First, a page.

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How To Find The Right Liquid Exfoliator For Your Skin

Garden of Wisdom

Unless you have been living under a rock for the past two years, you will have noticed a sharp increase in the amount of acid-based skincare products hitting the shelves. While scrubs might have been the tried and tested method of sloughing away dead skin a few years back, now it is all about the liquid exfoliator. So much so, Pinterest has seen a 58% increase in searches for liquid exfoliators.

Yet, there is still a stigma attached to using skin acids, especially in high doses. Your skin has a carefully balanced pH level, which keeps the barrier healthy and strong, locking in water and nutrients. Overusing abrasive acids can disturb this balance and excessive use over time can damage the barrier. What happens then? Well, you’re more likely to have a skin flare-up of acne, eczema or rosacea, and it could also cause premature ageing.

That said, using acids as part of your skincare routine has a lot of benefits. From unclogging your pores and smoothing out your skin’s texture to reducing the appearance of pigmentation and boosting your collagen production. It just requires some research to find the right liquid exfoliator for your skin…

For stubborn blackheads: Salicylic Acid

Salicylic acid is a beta hydroxy acid (BHA) and it is oil soluble, which means it can help loosen any built up of dirt and oil in your pores. It is by far one of the best ways to reduce your blackheads at home. You can use a salicylic acid serum all over or just on the problem areas. 

For plumper, smoother skin: Glycolic Acid

Together with lactic acid, glycolic is one of the most well known alpha hydroxy acids (AHAs). Not only does it help to get rid of dead skin cells on the surface and smooth out uneven textures, but it also works on a deeper level to have recharge your natural collagen production. The result? Smoother, brighter, firmer skin following regular use.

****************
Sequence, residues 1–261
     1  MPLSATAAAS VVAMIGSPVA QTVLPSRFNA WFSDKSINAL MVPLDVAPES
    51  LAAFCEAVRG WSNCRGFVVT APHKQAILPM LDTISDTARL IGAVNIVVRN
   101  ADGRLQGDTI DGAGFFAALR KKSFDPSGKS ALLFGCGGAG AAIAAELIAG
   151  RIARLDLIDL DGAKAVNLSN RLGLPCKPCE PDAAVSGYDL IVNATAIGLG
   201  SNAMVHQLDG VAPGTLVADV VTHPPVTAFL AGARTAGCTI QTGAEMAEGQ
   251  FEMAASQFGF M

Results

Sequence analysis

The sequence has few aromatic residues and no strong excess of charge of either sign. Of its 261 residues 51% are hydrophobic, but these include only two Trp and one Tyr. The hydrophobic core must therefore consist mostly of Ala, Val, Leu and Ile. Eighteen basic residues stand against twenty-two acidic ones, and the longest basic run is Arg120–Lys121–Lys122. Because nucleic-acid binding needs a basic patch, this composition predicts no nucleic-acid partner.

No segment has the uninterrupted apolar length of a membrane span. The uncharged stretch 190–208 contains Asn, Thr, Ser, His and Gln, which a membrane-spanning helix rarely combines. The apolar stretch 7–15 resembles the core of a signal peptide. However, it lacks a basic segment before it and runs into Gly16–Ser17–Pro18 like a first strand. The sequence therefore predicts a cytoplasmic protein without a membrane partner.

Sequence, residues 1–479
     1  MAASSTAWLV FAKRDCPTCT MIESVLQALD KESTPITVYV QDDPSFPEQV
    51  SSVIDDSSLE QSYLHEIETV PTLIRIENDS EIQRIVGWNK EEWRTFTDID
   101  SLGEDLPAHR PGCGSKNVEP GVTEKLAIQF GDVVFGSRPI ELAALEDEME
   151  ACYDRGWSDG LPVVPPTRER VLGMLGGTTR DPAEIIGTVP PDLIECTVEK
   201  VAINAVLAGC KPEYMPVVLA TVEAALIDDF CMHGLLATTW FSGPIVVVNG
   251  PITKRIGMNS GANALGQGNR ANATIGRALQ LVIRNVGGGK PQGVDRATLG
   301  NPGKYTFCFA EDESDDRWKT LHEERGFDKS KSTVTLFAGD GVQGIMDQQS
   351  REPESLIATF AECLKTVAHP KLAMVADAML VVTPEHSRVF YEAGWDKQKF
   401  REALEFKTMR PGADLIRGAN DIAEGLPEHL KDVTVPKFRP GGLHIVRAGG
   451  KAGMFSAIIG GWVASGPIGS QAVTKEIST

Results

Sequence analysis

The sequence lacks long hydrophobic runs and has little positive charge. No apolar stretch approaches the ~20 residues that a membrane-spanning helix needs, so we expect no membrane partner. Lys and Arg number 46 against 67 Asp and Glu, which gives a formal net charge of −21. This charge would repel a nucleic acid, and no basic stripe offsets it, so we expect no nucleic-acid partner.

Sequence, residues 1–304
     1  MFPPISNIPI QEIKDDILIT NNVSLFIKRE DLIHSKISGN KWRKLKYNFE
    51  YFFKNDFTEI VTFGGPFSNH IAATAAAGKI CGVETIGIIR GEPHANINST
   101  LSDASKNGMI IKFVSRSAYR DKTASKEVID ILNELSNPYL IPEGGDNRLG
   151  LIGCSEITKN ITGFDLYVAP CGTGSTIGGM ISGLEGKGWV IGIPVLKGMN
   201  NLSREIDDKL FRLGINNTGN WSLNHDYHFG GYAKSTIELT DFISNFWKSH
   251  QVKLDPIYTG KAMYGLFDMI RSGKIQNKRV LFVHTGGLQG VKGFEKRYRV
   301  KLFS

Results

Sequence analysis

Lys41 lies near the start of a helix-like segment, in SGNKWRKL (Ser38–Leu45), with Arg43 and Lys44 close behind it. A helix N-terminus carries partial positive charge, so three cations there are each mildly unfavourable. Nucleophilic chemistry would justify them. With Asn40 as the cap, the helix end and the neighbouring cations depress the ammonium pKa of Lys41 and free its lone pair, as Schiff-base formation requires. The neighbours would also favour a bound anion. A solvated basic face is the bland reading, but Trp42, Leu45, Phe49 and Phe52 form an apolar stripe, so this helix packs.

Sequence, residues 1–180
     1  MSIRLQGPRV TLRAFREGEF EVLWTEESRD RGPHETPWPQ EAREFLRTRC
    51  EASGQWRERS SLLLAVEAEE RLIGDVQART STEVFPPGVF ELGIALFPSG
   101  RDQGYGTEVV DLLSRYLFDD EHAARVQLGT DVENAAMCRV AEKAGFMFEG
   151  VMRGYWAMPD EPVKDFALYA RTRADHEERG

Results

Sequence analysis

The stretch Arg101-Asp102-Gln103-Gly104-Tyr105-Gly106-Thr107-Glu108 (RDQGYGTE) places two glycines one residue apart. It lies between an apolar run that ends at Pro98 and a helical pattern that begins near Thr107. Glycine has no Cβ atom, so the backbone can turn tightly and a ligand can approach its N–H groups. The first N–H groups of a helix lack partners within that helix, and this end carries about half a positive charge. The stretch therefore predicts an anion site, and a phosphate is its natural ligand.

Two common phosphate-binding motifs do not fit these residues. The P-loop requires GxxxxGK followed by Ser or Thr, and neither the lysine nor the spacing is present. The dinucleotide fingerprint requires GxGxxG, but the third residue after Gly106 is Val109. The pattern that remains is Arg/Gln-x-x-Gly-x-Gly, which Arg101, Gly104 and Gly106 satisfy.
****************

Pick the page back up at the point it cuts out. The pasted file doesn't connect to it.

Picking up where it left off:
For sensitive skin: PHA Acid

If you have super sensitive skin or are wary of acids in general, polyhydroxy acids are the perfect place to start. Similar to AHAs in terms of what they do, PHAs are much gentler. You might not have heard too much about them up until recently because they were under patented technology. Now that patent has lifted, it’s likely you will see them popping up everywhere as the benefits easily outweigh any potential drawbacks with this acid. Read Shabir’s paper on polyhydroxy acids to learn more about their skin benefits. 

For acne-scarring: Azelaic Acid

For some people tackling the breakout is only the first step as they are then left with visible scarring. While azelaic acid won’t make the scars disappear overnight, with regular use it can help ease their appearance. Azelaic acid helps to increase your cell turnover and gets rid of dead skin cells to make space for the new ones, which helps to reduce the appearance of pigmentation and acne scarring. Depending on your skin type you can use an azelaic acid serum twice a day, but you will need to wear SPF during the day.

For those who can’t live without a scrub…

For some, there is nothing quite like physically scrubbing away dirt, grime and dead skin, but it is important to find the right one. Poorly formulated face scrubs or aggressive overuse can cause tiny micro-tears in your skin. It’s worth taking the time to find a scrub that uses smooth, rounded beads, which reduce the chances of micro-tears and offer a gentler exfoliation. Try Derma E’s range of scrubs or Nannette de Gaspe’s Essence Noir Polish.   

How To Ease Your Sleep Problem

Sleep Problems

It’s rare for a week to go by without sleep, or our lack of, hitting the headlines. In 2019 so far, fresh research has already revealed that getting the right amount of sleep can reduce the intensity that we feel pain the following day and reduce your risk of developing heart disease. But, studies have also suggested that not getting enough could leave you more open to infections and more likely to develop Alzheimer’s disease.

Experts recommend anywhere between six to eight hours of sleep a night. We don’t need to tell you that most of us aren’t hitting these figures on a regular basis. Stress levels and excessive screen time are usually pinpointed as the main sleep-stealing culprits, but with few of us having the luxury of radically changing our lifestyles right now, how can we improve our sleeping habits?

With national Sleep day taking place on Friday 15th March, here are the natural remedies to help promote a healthy sleeping pattern…

Calm a whirling mind

It’s well-documented that when we’re stressed out we tend to struggle to switch off and fall asleep easily. Neubria’s Drift for Rest contains the Bliss Botanical Complex, a blend of natural herbs to help you relax mentally and physically. While the instructions recommend you take two capsules an hour before you go to bed, we recommend you try to take them at the same time every night to ease your body into a regular sleeping pattern.

Incorporating magnesium-rich formulas, such as bathing in Better You’s Magnesium Oil Original Flakes or spritzing the brand’s Magnesium Oil Original Spray onto the soles of your feet in the evening will also help your body relax.

Prevent the 3am wake-up call